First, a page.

Ahmed (Idir Ben Addi) is going to radicalize listening to the extremist discourse of his imam.
July 6, 2020
Updated July 10, 2020 to 4h07
The young Ahmed: prison radicalization *** 1/2
CRITICAL / long ago that Jean-Pierre and Luc Dardenne sought to illustrate the radicalization. The turning point came when the duo has imagined a teen of 13 years old who shuts himself in his beliefs, raising them in absolute. They wanted to present this terrifying reality, unvarnished and without judgment, in The young Ahmed, prix de la mise en scene at Cannes 2019.
From the beginning, the Dardenne brothers delineate the character intransigent Ahmed (Idir Ben Addi). The boy refused to shake the hand of his teacher, madame Inès (Myriem Akheddiou) because, he claimed, a good muslim does not constrict the hand of a woman. The night, his single mother has flared up : “You get to wash the head by your imam.”
This teacher is a progressive and modern, and to a lesser extent his mother, becomes the target of his wrath. Ahmed foments a plan to attack his professor, the ideas confused by the extremist discourse of his imam, a grocer.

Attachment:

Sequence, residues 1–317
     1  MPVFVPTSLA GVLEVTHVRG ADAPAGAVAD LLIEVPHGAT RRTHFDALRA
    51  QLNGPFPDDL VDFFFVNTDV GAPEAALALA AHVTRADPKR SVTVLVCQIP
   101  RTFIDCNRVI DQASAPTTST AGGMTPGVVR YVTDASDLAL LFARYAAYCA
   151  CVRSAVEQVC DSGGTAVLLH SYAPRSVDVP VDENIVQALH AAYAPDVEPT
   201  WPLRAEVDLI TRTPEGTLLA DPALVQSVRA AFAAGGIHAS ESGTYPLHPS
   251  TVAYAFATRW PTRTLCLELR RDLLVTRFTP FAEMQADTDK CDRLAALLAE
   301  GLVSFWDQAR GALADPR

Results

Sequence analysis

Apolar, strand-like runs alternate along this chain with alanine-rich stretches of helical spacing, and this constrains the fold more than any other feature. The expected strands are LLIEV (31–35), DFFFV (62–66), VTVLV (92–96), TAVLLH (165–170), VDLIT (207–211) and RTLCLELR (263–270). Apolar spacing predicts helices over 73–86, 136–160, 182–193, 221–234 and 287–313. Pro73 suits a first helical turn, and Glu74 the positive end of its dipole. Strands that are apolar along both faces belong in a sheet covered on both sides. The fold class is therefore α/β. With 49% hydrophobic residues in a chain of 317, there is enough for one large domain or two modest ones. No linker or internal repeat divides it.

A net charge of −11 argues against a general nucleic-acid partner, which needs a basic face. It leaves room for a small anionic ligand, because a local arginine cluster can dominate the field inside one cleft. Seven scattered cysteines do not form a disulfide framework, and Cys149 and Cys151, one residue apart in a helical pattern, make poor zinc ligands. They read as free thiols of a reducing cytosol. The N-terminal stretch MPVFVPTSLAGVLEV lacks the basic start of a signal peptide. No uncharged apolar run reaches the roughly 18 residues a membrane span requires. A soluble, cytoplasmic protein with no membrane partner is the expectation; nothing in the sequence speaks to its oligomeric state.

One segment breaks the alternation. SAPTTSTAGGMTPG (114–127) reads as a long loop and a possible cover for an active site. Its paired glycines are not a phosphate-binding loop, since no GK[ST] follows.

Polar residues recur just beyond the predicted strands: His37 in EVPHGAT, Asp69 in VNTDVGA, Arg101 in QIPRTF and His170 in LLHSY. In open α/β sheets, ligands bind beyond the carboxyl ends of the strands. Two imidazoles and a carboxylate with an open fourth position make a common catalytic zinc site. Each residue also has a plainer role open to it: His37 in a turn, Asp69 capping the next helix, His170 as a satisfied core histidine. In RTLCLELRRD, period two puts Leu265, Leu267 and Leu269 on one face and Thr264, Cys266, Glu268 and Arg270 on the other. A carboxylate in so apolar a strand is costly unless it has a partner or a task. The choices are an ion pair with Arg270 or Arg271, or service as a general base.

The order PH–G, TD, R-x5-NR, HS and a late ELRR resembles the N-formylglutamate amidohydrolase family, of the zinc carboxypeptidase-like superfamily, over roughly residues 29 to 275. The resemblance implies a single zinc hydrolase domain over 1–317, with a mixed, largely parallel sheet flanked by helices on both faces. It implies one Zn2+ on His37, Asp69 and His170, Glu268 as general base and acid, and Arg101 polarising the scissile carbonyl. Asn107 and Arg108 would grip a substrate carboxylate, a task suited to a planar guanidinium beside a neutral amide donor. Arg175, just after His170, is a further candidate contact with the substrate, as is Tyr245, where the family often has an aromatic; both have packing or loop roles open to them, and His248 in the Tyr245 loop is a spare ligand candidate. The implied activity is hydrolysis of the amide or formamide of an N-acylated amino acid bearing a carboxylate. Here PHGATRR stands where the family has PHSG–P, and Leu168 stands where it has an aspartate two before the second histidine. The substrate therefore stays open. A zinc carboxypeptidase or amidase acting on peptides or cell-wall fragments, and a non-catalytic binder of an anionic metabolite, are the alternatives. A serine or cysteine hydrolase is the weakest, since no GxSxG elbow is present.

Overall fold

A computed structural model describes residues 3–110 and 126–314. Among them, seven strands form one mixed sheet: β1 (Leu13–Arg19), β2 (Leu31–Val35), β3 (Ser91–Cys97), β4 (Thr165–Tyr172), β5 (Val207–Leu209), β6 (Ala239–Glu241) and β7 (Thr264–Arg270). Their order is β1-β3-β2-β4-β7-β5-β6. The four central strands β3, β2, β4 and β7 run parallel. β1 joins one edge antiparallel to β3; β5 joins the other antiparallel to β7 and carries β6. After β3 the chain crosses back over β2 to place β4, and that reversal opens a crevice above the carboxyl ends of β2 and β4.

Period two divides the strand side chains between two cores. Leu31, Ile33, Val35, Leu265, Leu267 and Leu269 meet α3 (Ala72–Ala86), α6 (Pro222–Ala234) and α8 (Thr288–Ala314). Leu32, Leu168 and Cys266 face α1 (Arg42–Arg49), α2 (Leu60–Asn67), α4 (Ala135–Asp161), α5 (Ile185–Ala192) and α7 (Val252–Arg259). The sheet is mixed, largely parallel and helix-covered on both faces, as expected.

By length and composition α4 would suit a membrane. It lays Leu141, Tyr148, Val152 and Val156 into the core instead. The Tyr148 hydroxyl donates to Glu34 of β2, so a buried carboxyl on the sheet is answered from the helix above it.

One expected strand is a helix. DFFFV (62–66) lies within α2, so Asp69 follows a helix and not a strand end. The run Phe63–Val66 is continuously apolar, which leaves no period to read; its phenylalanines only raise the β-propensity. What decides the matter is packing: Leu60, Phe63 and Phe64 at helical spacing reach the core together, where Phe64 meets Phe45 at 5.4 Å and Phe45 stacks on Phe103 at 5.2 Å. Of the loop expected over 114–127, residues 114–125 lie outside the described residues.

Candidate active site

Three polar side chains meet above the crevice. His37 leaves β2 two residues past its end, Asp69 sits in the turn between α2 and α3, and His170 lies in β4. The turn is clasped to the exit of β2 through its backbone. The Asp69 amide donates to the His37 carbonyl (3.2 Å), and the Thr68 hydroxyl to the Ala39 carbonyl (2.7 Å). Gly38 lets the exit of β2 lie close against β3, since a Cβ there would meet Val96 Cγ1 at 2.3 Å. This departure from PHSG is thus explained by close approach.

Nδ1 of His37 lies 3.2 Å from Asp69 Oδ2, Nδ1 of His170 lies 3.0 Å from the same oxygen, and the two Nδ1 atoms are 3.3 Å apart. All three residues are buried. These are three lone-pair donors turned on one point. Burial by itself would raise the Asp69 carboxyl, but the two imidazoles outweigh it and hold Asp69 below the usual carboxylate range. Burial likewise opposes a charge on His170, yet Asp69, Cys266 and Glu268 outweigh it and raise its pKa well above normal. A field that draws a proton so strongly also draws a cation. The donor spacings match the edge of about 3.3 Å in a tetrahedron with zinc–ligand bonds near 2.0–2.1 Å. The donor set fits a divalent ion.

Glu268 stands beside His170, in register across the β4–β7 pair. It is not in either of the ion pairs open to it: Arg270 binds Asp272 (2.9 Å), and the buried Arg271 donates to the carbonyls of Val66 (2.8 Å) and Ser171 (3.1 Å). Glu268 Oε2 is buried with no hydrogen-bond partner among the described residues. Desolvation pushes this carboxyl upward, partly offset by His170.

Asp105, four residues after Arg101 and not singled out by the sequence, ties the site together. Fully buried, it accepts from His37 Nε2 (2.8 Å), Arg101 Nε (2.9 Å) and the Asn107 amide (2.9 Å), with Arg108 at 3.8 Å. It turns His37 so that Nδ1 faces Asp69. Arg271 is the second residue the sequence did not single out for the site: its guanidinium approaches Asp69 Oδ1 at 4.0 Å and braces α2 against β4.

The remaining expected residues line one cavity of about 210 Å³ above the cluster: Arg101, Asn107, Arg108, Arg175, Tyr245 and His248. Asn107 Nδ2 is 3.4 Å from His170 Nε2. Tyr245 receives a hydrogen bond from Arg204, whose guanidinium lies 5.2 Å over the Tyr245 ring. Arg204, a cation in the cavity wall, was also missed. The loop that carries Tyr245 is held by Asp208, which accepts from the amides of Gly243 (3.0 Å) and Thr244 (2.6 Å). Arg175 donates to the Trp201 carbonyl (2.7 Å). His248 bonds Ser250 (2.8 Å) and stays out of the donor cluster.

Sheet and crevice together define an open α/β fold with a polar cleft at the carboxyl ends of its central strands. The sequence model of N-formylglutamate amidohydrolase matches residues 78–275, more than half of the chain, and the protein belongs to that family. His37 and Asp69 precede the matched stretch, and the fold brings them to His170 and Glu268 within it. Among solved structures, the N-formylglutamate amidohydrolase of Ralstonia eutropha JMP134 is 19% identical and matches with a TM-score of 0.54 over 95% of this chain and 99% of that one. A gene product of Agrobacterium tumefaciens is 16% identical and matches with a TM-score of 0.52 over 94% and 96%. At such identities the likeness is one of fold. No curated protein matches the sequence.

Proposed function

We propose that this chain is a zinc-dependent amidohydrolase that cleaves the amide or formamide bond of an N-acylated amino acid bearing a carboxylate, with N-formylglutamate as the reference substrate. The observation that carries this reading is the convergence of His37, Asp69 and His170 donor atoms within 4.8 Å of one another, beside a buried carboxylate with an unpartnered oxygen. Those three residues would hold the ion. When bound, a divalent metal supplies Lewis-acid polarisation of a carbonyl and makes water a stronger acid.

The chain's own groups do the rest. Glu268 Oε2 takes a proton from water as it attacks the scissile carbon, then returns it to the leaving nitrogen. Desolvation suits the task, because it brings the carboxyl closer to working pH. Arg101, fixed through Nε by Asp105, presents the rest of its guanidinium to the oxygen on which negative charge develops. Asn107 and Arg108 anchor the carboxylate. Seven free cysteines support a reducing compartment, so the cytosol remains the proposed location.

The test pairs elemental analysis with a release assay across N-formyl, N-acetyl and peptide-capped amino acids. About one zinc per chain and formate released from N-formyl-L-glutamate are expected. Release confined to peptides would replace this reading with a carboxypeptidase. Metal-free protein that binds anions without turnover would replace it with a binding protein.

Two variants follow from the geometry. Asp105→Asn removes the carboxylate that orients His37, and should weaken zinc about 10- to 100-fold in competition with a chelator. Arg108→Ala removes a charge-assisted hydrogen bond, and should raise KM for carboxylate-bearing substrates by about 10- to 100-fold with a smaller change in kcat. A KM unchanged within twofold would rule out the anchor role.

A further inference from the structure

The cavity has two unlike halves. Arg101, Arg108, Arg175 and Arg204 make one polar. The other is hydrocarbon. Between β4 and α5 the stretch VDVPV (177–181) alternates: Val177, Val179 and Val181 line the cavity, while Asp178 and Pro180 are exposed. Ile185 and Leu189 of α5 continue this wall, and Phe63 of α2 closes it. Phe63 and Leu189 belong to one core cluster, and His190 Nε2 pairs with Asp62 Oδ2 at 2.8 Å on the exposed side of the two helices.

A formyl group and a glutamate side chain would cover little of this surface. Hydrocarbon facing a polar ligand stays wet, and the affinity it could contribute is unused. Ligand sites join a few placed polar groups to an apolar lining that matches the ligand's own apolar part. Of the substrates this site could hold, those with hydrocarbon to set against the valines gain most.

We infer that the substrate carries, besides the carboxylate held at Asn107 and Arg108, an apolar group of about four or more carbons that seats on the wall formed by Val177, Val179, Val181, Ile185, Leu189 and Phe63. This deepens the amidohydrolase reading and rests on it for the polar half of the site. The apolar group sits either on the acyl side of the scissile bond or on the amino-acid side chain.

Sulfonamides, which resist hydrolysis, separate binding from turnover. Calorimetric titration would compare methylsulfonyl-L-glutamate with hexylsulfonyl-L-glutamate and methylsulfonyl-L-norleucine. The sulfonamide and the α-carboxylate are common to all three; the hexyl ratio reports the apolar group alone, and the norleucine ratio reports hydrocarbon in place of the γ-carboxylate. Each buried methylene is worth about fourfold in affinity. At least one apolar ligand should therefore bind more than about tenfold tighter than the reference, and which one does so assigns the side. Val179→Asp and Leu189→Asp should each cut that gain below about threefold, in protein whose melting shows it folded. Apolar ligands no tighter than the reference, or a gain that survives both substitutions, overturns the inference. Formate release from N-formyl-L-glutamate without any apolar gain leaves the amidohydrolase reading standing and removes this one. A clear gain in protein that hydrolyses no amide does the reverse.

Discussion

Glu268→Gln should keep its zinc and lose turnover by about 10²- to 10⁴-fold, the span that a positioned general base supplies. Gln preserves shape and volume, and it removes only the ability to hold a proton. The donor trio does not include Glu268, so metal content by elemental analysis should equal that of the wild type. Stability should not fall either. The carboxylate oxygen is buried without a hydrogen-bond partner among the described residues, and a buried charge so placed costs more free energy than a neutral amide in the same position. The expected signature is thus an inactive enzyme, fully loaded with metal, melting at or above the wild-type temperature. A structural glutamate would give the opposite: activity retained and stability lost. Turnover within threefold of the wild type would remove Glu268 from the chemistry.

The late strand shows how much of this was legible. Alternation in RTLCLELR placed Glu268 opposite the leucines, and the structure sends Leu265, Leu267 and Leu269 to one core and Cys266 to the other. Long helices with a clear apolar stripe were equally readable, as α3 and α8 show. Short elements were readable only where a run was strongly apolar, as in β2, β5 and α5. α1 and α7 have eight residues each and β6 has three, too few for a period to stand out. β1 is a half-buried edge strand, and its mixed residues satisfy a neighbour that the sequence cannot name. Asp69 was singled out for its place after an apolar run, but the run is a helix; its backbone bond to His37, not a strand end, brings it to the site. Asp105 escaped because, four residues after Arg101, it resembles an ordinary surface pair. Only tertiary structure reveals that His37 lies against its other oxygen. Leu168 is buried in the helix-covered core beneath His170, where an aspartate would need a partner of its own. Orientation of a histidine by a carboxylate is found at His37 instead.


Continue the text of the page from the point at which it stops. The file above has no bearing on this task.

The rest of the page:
In their minimalist style, customary (camera, scope, sequence shots, no music, etc), the duo is interested in the dynamic that leads Ahmed to want to kill the “apostate”. His pathetic attempt leads him into the center of correction, but he is determined to accomplish his work, whatever the cost. The boy would like to walk in the footsteps of his cousin as a “martyr” for jihad.
The filmmakers belgians don’t judge nor offer indication psychological on what drives the ado in a religious zeal almost compulsive. This quest for identity — it is sorely lacking landmarks— makes it even more terrifying.
The young muslim refuses all the hands that are tense, including those of her mother and the sentimental Louise (Victoria Bluck), a teenager of her age who work at the farm where Ahmed must perform work. His benevolence, no disinterested, did not shake his faith nor his absolutism.